Monday, March 14, 2016

Draba cuneifolia

For several years now, I have maintained a population of the uncommon winter annual, Draba cuneifolia, in a container filled with a substrate that superficially mimics that found in its natural habitat on the barrens. This artificially maintain colony has been thriving.

These interesting little plants have just begun to bloom. Previous year’s seed crops have allowed me to return a great quantity of seed to the barrens. Seed is always scattered in areas from which the original seed came.  The bounty of seeds from the container grown plants has far exceeded that which could have been expected from plants produced on the barrens. 

As with many captive plant populations, this one has refused to respect its defined boundaries and has dispatched its seed to produce new colonies.  I am now finding Draba cuneifolia growing along the concrete foundation of my barn…

from cracks in the decomposing concrete of the apron outside the barn door…

and even out of the drain holes of other containers.

In October 2014, I found some Draba cuneifolia seeds stuck in the folds at the bottom of my seed collecting sack. I scattered the seed in a garden bed that I am using for the production of Spider Milkweed, Asclepias viridis. Draba seeds need to go through a period of high temperature before they will break dormancy, something that apparently didn’t happen at the bottom of my seed sack. It wasn’t until November of the following year that I began to see Draba cuneifolia seedlings. The orange ribbons mark locations of the milkweed plants which will do most of their growing after the Draba has already set seed.

The Draba cuneifolia grow extremely well in the deep, fertile soil of the garden bed. Were I to discontinue removing competing plant growth from these beds, the Draba would not survive.

All of these plants are loaded with flower buds and will soon be in bloom.

We had three days in a row of extremely cold temperatures during a time when there was no snow cover on the ground. Several of the exposed Draba cuneifolia showed signs of freeze damage.

Those damaged plants survived, but as they grew, they abandoned their single rosette form. Growth from multiple points caused plants to take on the appearance of small shrubs with numerous branches growing in all directions.

Draba cuneifolia growing on the barrens also showed signs of cold weather damage. Both of these plants display dead leaves, but they are still growing. Unfortunately, life on the barrens is more stressful for the species and the plants do not produce the vigorous growth of those growing in the garden.

I enjoy seeing the genetic potential expressed by the plants growing in the garden, but it’s these tiny wild grown specimens that I admire most. They are poor competitors and can survive only where other plants fail. Life on the barrens is rough, but these little plants are tough enough to survive there.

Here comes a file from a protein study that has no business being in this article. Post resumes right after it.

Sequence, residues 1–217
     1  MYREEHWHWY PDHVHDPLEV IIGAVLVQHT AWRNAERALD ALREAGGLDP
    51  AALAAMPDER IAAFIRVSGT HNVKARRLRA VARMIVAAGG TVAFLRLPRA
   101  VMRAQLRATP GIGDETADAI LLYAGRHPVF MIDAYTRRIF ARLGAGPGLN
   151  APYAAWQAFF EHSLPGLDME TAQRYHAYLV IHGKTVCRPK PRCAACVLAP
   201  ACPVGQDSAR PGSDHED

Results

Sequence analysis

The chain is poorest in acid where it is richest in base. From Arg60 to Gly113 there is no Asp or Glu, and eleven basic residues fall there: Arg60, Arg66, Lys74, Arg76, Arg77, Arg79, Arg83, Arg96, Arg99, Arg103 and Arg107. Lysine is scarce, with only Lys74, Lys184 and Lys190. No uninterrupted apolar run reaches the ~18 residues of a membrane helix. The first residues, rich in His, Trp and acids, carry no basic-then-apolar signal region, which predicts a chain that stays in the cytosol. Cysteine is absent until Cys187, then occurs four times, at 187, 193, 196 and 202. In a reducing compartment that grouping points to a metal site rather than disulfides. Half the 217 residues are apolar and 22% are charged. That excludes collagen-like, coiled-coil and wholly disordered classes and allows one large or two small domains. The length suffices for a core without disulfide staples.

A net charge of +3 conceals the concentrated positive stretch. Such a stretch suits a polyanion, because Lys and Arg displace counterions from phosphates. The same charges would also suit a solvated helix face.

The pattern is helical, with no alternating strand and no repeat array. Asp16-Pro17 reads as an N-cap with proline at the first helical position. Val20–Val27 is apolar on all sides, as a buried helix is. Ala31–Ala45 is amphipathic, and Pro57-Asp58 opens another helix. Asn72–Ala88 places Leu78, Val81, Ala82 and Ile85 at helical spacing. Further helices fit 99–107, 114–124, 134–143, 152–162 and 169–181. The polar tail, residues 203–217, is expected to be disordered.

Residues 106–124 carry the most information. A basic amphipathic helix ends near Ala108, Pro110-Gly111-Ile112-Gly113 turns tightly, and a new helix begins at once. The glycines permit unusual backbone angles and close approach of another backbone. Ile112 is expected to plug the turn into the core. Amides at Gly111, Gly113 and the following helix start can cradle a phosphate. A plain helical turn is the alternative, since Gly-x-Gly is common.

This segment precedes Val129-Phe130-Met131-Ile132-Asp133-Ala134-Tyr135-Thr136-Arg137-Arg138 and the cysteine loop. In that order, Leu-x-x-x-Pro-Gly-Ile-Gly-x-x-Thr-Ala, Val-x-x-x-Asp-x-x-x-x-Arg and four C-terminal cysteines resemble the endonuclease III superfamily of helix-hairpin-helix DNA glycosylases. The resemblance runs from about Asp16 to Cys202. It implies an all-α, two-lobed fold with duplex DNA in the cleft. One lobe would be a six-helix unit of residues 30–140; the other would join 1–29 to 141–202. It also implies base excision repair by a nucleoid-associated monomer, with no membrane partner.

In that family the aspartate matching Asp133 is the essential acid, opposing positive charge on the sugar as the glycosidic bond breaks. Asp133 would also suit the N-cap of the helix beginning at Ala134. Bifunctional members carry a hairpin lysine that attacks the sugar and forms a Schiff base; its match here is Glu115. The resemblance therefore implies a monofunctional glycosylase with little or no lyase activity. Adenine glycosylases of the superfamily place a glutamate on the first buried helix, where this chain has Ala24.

1. I have to say, your study of these little winter annuals is so fascinating. I've never seen any of these plants (and based on the range maps, I'm unlikely to) but I wouldn't be surprised if they were far more common than is popularly known. There's so many similar weed species that I'd bet these plants have been pulled up as weeds before.

    1. Hi, Jared. You're right. Many populations of these plants go unnoticed and unreported. At the time of year that these tiny plants produce their inconspicuous blooms, most people with a casual interest in botany are busy cruising the woods looking at the showy wildflowers, and would not likely explore the open areas containing the Drabas. It's also a problem that many private landowners view prime Draba habitat as being a wasteland and destroy the area through aggressive "land improvement" projects.

  2. Wow, I stumbled back onto your bolg again and re-added it to my list. You announced some time back that you were stopping, but glad you are back.

    I've also done a number of personal research studies on plants which most folks ignore, but I found had great tremendous value as polinator attractants, especially in the Predator category. People don't realize that many predatory insects to the pests while capturing prey for young to feed on, actually themselves as adults feed on nectar of wild flowering plants. This actually helped me when I selected landscape plants not only as native ornamental plants, but with a sort of ecosystem balance in mind. This actually further helped me not to have to purchase any synthetic pesticides for controls of pests. For me a beautiful California Shrub I would always add in new projects was the deep glossy green leafed shrub - California Coffeeberry. Most folks never plant this for it's flowers because as you alluded to, many plants have plain inconspicuous flowers. However on this shrub it produces sticky nectar with powerful pheromones we don't smell, but the winged insects flock to. All manner of every insect in the Bee, Wasps families show up. All sorts of flies and mosquitoes. Beetles, Butterflies, moths, etc. What I got a kick out of was the way these critters would crawl and stumble over each other on the same flower clusters. The shrub would be alive with loud winged activity. The butterflies were shy being touched by all the others and they would hover mostly. But what I found were those numerous tiny predatory wasps which most folks know almost nothing about. Those were the ones who kept the garden in balance.

    Thanks for reopening up again

    1. Welcome back, Kevin. I've noticed the same thing here with some of our native shrubs. The flowers go unnoticed by people, but insects swarm to them.